Discovering configuration templates of virtualized tenant networks in multi-tenancy datacenters via graph-mining

Yosuke Himura, Yoshiko Yasuda
Appears in: 
CCR July 2012

Multi-tenant datacenter networking, with which multiple customer (tenant) networks are virtualized over a single shared physical infrastructure, is cost-effective but poses significant costs on manual configuration. Such tasks would be alleviated with configuration templates, whereas a crucial difficulty stems from creating appropriate (i.e., reusable) ones. In this work, we propose a graph-based method of mining configurations of existing tenants to extract their recurrent patterns that would be used as reusable templates for upcoming tenants. The effectiveness of the proposed method is demonstrated with actual configuration files obtained from a business datacenter network.

Public Review By: 
Sharad Agarwal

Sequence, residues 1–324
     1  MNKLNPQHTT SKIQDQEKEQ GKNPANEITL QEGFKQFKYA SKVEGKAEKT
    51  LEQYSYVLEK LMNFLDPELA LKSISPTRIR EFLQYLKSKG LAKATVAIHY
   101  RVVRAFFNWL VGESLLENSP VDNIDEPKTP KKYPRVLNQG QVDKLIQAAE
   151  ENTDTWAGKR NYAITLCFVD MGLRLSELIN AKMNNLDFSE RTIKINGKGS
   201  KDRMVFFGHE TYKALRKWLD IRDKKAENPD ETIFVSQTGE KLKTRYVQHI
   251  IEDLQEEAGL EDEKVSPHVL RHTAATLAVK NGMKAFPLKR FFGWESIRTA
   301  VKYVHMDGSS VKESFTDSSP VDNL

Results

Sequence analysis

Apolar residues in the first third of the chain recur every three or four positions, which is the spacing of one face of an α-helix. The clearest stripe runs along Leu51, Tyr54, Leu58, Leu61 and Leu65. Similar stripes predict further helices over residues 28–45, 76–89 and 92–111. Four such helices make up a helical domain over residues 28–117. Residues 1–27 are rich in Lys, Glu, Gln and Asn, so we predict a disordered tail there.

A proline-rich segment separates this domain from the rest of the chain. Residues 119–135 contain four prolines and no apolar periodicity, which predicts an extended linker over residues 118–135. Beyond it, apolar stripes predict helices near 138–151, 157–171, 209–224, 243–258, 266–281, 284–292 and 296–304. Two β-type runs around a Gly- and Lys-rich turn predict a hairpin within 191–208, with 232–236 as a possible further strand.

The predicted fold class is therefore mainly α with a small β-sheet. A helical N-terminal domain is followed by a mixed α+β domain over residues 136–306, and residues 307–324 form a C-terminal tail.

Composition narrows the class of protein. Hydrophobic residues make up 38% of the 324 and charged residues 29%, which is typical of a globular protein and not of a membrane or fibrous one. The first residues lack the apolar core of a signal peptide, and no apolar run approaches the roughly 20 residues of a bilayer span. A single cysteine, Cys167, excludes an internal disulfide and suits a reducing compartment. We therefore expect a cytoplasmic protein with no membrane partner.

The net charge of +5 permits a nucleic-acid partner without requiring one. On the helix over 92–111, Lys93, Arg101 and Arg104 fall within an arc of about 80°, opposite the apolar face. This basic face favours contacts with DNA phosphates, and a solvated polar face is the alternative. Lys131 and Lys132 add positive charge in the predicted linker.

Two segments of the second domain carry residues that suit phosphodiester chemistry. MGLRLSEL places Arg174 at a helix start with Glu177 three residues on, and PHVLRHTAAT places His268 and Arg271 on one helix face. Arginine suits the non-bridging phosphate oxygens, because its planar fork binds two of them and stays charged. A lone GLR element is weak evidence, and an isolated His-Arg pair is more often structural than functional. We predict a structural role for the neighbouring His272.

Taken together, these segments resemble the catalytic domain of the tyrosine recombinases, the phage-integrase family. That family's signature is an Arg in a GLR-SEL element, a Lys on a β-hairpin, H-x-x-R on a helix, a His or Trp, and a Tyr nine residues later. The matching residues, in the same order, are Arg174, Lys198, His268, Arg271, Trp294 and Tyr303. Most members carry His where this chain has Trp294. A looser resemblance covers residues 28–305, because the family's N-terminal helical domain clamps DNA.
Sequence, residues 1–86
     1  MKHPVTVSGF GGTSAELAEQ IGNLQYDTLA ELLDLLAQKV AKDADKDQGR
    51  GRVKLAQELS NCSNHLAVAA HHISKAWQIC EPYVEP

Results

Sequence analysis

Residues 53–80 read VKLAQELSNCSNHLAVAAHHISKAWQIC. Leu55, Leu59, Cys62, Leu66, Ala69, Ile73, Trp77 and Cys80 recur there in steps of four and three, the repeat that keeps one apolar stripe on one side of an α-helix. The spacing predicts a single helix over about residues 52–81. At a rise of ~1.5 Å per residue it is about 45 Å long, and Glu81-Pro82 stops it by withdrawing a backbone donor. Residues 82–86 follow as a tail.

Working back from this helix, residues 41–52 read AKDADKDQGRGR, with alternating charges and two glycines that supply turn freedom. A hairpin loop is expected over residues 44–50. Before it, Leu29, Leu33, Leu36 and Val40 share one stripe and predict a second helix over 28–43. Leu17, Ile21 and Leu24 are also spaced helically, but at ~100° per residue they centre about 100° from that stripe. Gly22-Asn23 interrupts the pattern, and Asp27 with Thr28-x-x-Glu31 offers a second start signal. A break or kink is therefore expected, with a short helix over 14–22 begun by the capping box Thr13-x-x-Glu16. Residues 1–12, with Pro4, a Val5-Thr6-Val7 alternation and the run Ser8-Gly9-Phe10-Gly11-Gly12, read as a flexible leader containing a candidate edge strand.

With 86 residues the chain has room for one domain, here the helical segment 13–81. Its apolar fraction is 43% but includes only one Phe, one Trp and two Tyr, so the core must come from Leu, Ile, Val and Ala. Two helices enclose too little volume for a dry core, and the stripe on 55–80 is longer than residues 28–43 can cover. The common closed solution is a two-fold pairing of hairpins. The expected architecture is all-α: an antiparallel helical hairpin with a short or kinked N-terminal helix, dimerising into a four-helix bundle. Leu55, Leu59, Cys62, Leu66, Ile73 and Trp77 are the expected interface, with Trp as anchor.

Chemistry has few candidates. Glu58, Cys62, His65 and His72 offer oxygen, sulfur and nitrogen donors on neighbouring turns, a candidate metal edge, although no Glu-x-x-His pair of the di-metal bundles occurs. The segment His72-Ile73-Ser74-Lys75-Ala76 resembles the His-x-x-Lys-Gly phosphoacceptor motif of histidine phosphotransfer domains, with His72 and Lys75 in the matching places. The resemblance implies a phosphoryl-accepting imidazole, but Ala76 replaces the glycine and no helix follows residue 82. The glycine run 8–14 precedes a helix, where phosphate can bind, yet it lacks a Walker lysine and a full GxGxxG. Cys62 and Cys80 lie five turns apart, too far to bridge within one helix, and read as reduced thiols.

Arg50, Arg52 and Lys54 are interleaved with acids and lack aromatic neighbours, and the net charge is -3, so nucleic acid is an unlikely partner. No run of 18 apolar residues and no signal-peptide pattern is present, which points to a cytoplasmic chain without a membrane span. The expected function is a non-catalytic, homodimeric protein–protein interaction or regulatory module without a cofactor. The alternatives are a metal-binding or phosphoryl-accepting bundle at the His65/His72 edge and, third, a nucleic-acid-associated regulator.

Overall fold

Network equipment and end systems are often manually configured by operators. At an ISP I used to work at, someone thankfully created a few templates by hand for common provisioning activities, and that saved us a lot of effort, time and bugs. Since then, papers have been published on creating such templates for ISPs and validating resulting configurations. This paper examines the problem for virtual network topology configuration in multi-tenancy datacenters. Such datacenters are becoming more common, not just with IaaS, PaaS and SaaS providers, but also with corporate datacenters that might have multiple LoB applications running inside them. Is there enough commonality between configurations in this environment to warrant such templates? Can they be automatically generated? The authors use numbers and observations from a real datacenter to motivate the problem. They use a corpus of real configurations. They examine similarities between tenant topologies, and cluster them. The automatically-created templates are then manually customized by an operations engineer to provision a new tenant, and the paper shows reductions in configuration time. All the reviewers found the paper to be interesting and informative. There are a few open issues worth considering. There is a computation overhead to the proposed system that may not scale to large tenants -- how big of a problem is that and how likely are we to see large tenants? About 50% of the customers are covered by 5 templates. Can we do better than 50%? Could the 5 templates have been generated manually?